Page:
So, the average spec screenplay has waaaaay TOO MUCH dialogue in and are often highly theatrical: screenPLAYS, if you will. We all know this. But worse than that, within that script will be cliché clanger dialogue lines script readers read SO often, it can amount to a one way ticket to PASSville. True story.
So here’s a list of cliche clanger dialogue I see practically DAILY at Bang2write … Brace yourself, this is gonna get ugly (arf, there’s the first one):
1) “Who else knows about this?” / “No one.” / “Let’s keep it that way.” KA-BLAM YOU’RE DEAD!
This clanger usually precedes the person who came with the information getting killed, putting a spin on the whole “shoot the messenger” idea. And you know what? When it comes to PRODUCED projects, it still more or less works, even if it is a little cheesy. However, it crops up SO often in spec screenplays, you’re best off proceeding with caution. MORE: 6 Reasons Dialogue Is Your Enemy
2) “Congratulations and I mean that most sincerely.” (I totally don’t)
If you’re writing a comic book villain and/or a comedy in which one of the characters is heinously bitter *for some reason*, then sure: this line can work. The problem arises when the spec screenplay includes neither of these and it’s supposed to be delivered “straight”. MORE: 3 Reasons “Show It, Don’t Tell It” Is Bad Writing Advice
3) “Who are you?” / “A friend.” (Yeah, I guessed that)
This clanger crops up most often when a character needs rescuing and another one helpfully obliges. One of the reasons I personally hate this line – in produced works OR specs, FYI – is it’s totally redundant. If a character’s just rescued another character, *obviously* they’re friendly. Le duh. MORE: 5 Reasons Dialogue Is Overrated
4) “Vengeance is mine!” (Yeah okay, calm down)
If you’re writing a Biblical epic and raining plagues down on other characters, then great. If you’re not, it just seems a bit OTT. Also, I’ve never heard of anyone actually saying this line and meaning it; it’s nearly always a joke. Just sayin’. MORE: How To Write The Most Cliché Script Opener EVER
5) “Hold me, my love!” (And swoooooon … Um, no)
Another cliché clanger piece of dialogue scoring red on the B2W OTT-o-meter. again, I don’t think I’ve ever heard anyone say this seriously, yet female characters in spec screenplays seem to say it all the time. WTF? MORE: 5 Ways To Write A COMPLEX Female Character
6) “I must be (going) mad” (yeah, you’re talking to yourself again)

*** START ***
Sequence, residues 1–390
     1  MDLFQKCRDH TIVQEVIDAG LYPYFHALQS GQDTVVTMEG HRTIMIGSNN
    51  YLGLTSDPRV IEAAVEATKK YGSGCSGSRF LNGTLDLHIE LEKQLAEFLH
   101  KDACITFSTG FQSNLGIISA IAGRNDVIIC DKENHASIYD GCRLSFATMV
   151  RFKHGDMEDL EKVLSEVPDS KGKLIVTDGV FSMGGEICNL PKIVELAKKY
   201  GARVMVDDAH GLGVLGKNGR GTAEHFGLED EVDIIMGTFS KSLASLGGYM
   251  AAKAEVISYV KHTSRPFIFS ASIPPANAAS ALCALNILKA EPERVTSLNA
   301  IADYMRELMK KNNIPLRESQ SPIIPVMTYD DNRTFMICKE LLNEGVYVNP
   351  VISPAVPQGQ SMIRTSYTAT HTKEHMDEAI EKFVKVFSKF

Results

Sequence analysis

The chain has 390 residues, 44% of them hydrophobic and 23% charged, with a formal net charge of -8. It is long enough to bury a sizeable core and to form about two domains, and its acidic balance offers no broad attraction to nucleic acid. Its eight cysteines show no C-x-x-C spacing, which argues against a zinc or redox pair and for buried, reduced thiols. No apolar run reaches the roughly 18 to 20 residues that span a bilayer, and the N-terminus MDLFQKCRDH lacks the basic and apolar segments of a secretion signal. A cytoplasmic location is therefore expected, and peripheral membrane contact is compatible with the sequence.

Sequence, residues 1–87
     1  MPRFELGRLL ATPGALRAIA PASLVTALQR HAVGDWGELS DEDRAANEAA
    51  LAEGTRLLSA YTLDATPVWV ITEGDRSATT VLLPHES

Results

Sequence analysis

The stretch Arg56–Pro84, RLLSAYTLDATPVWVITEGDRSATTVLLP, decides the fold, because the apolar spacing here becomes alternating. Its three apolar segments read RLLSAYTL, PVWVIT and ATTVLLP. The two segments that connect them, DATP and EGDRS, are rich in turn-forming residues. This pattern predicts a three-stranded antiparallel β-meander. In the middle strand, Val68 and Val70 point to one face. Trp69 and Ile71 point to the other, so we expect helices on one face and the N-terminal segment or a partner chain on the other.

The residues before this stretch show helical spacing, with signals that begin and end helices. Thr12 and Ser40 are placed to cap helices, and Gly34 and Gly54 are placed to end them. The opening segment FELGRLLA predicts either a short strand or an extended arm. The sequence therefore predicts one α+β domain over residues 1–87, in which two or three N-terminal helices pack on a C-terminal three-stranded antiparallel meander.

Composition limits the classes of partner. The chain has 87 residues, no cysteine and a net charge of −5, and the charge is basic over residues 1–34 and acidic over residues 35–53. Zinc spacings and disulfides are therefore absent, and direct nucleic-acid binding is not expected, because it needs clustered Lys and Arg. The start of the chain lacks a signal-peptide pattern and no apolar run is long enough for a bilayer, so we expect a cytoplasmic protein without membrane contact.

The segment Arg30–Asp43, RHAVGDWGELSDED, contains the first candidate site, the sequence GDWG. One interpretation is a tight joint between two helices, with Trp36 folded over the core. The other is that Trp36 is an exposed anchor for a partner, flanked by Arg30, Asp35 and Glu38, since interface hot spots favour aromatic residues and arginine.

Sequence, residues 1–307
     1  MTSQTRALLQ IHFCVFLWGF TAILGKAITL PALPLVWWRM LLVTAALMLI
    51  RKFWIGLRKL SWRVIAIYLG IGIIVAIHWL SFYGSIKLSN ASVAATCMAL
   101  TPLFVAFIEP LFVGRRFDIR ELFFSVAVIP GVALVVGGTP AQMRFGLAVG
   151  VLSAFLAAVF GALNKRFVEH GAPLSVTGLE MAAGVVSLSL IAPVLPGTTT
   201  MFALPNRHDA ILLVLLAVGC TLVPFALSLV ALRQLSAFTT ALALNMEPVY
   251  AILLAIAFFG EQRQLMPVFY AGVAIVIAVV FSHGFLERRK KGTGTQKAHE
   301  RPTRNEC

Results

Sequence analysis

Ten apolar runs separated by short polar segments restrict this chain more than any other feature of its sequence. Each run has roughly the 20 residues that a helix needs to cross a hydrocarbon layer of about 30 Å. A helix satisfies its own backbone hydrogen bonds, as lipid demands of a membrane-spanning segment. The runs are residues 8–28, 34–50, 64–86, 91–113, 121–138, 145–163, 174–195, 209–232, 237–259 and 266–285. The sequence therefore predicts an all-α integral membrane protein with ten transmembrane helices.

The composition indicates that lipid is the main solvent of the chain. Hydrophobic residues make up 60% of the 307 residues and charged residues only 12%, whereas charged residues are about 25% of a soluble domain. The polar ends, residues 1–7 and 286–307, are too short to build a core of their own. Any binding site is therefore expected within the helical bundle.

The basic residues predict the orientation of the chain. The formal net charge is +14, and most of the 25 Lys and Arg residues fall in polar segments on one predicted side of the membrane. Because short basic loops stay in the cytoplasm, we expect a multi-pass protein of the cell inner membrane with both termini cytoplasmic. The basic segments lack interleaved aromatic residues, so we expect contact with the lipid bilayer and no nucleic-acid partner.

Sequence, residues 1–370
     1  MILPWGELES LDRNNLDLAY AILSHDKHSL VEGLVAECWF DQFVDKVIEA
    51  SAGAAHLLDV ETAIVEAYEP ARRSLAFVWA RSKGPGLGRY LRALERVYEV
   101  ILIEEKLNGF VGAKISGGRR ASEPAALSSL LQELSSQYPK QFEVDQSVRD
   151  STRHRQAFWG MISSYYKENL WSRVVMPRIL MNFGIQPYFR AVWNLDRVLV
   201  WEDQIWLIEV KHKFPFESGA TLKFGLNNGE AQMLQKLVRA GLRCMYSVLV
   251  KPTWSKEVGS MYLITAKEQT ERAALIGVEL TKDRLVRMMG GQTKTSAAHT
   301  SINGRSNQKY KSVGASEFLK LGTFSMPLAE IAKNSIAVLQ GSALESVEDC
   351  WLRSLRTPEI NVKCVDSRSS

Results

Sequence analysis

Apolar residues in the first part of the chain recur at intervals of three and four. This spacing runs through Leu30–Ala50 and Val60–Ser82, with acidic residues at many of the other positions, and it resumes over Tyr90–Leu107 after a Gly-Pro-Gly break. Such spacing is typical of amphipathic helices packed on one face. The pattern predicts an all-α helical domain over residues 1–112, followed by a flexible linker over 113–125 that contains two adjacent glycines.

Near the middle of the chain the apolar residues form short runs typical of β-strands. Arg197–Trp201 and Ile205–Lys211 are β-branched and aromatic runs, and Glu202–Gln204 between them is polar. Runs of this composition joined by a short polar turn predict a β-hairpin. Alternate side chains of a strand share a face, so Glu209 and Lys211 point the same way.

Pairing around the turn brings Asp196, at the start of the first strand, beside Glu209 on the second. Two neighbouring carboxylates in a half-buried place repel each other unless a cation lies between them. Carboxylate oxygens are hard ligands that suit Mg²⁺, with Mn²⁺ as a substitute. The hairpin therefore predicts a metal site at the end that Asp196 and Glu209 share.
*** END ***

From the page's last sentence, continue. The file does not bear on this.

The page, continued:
Too often, characters talk to themselves in spec screenplays. Yes, yes, I *know* lots of characters do in produced projects – for example, P.L Travers does in SAVING MR BANKS – but there’s a key and subtle difference: apart from the fact a produced projects can “get away” with more than a spec, produced projects usually use this device as an expression of CHARACTER, not plot. Guess what most specs do? MORE: 11 Expositional Clichés That Will Kill Your Story
7) “What is the meaning of this?” (I actually know, I’m signposting my outrage)
If this dialogue was *ever* authentic, it was probably the times of Charles Dickens and Jane Austen, so perhaps your period drama spec *might* get away it. After this? Nope, it sounds redundant to me. MORE: Are you making any of these killer scene errors in YOUR spec screenplay?
8) “How COULD you?” (Really??)
Again, a redundant phrase that turns up waaaaay too much in FICTION. It just doesn’t feel real or authentic. It’s far more LIKELY someone would say:
“What the hell are you playing at??”
“I can’t believe you did that!”
“Why would you do that??”
So stop writing number 8 in your screenplays. How COULD you?? (Arf). MORE: 9 Ways To Write Great Characters
9) “Well, well, well … Look who it is!” (I’m so unsurprised)
Usually delivered by an antagonist, or someone with a real beef with your protagonist … Accompany with SLOW CLAPPING for ultimate cliché clanger bonus points. PLEASE DON’T. MORE: Top 5 Ways Writers Screw Up Their Characters
And my PERSONAL fave (not):
10) “But … that doesn’t make ANY SENSE!”
9/10 I find characters in spec screenplays say this line when actually, the plot REALLY DOESN’T make any sense. This is called a SIGNAL FROM FRED – or rather, it’s a call from a writer’s subconscious. So make sure you pay particular attention to your characters saying this, because chances are, you could be giving your story/structure problems away! MORE: Here’s how to make your screenplay VISUAL, so you can avoid cliché altogether.
One last thing, lieutenant:
‘Til next time!
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